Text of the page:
WellPoint’s reasons for big health rate hikes

Below are key points health insurer WellPoint Inc. cited in a letter Thursday responding to an inquiry by Health and Human Services Secretary Kathleen Sebelius into a steep rate hike planned for some individual insurance policies in California. The insurer has taken criticism for premium increases at its Anthem Blue Cross subsidiary that will approach 40 percent for some customers.

— healthy customers are dropping coverage to save money while sicker ones retain it and run up medical bills [Read the full article]

{loadposition in-article}

Molina Healthcare, Inc. (NYSE: MOH – News): Earnings per diluted share for 2009 down 45% from 2008 Annual premium revenues of $3.7 billion, up 18% over 2008 Aggregate membership up 16% over 2008

Molina Healthcare, Inc. (NYSE: MOH – News) today reported its financial results for the fourth quarter and year ended December 31, 2009.

Net loss for the quarter ended December 31, 2009, was $4.5 million, or $0.18 per diluted share, compared with net income of $14.8 million, or $0.55 per diluted share, for the quarter ended December 31, 2008. Net income for the year ended December 31, 2009, was $30.9 million, or $1.19 per diluted share, compared with net income of $59.6 million, or $2.15 per diluted share, for the year ended December 31, 2008. [Read the full article]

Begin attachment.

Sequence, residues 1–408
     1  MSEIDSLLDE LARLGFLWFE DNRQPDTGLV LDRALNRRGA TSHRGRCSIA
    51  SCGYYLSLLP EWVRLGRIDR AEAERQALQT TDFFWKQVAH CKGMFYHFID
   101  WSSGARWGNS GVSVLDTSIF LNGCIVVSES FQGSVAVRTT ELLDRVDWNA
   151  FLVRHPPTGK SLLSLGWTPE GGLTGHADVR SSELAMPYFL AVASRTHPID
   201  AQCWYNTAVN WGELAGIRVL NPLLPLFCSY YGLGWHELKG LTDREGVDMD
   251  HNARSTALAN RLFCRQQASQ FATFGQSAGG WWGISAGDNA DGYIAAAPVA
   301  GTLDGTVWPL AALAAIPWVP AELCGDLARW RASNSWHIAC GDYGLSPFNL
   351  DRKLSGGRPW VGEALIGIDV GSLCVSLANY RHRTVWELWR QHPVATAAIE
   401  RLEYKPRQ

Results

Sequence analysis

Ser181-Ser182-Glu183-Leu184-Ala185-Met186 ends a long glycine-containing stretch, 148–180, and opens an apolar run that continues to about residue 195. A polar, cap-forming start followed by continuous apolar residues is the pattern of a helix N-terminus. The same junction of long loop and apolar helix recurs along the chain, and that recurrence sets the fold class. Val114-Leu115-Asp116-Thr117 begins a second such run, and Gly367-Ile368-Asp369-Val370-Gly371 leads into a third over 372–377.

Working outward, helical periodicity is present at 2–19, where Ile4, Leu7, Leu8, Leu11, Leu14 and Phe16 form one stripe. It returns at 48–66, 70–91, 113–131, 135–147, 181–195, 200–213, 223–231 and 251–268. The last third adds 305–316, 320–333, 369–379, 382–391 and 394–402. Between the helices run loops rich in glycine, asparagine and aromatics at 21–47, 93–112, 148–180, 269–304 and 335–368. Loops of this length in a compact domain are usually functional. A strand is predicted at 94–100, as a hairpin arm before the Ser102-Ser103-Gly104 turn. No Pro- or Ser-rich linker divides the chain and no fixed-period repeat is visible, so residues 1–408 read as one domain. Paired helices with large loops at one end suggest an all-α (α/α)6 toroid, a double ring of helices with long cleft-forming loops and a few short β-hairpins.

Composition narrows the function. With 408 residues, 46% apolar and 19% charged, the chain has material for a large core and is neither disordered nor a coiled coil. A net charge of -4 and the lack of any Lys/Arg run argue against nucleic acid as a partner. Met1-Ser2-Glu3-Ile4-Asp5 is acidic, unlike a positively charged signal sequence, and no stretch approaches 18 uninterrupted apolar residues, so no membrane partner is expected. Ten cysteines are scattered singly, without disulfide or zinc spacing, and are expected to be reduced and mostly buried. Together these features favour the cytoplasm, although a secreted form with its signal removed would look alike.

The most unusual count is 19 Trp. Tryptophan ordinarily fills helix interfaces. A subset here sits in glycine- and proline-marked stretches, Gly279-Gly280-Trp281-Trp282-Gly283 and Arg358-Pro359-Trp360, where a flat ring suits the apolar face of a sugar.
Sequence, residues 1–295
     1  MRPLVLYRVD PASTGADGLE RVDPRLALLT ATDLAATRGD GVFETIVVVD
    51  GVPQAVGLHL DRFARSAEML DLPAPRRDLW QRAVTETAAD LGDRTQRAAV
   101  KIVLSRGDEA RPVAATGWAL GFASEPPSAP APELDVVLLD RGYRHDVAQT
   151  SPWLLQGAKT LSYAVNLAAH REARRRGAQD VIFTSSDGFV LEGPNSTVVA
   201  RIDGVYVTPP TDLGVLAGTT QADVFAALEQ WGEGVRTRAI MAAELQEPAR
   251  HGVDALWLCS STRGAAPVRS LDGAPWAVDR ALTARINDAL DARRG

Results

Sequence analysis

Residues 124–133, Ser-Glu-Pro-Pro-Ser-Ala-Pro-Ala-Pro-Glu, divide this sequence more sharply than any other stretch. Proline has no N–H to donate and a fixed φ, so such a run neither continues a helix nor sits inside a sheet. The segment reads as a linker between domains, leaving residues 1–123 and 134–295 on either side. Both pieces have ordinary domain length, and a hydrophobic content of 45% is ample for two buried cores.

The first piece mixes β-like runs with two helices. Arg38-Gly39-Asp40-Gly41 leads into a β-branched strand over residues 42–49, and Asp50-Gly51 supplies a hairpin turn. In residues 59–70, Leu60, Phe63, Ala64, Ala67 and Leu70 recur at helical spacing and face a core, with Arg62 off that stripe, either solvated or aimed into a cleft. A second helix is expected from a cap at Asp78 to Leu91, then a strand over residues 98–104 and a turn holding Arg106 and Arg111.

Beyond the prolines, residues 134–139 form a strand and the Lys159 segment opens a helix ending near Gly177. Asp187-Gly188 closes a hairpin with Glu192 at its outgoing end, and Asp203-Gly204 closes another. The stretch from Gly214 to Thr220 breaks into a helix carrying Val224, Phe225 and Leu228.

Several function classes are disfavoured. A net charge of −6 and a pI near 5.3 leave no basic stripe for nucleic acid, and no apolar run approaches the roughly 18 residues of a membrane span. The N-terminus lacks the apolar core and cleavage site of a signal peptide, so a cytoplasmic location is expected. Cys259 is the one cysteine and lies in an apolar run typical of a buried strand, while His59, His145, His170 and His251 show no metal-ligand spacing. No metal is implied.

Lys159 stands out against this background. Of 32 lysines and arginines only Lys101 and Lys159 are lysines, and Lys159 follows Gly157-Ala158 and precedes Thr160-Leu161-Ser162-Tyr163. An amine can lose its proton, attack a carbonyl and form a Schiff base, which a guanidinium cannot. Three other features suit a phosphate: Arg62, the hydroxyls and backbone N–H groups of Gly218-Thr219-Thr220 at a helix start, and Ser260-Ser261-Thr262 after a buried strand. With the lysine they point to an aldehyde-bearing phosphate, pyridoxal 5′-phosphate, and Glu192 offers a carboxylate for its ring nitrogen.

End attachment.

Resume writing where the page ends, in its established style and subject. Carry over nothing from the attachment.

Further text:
Moody’s Investors Service said Thursday it is reviewing health insurer Aetna Inc.’s ratings for a possible downgrade, citing the company’s fourth-quarter financial report and 2010 outlook.

On Feb. 5, Aetna said its fourth-quarter profit fell 15 percent, as it continued to struggle with rising medical costs. Also, the company forecast an operating profit of $2.55 to $2.65 per share in 2010, while analysts expect $2.83 per share.

Moody’s said $4.1 billion of outstanding debt is affected by its review of the company’s “A3,” or upper medium grade, senior debt rating.

Credit ratings reflect a company’s ability to repay debt and are used by lenders to set the terms of borrowing. Lower ratings make it more expensive for companies to borrow money. [Read the full article]

{loadposition in-article-finance}

HealthSpring, Inc. (NYSE:HS – News) today announced that it has entered into a new $350 million senior secured credit facility. The new agreement consists of $175 million in five-year term loans and a four-year, $175 million revolving credit facility, $25 million of which was drawn at closing. Outstanding loans under the new credit facility bear interest at a spread over a base rate or LIBOR (initially 325 basis points), depending on the Company total leverage ratio.

Borrowings under the facilities and cash on hand were used to repay approximately $237.0 million of indebtedness outstanding under the Company existing credit agreement, which was scheduled to mature on October 1, 2012. [Read the full article]

You may also like...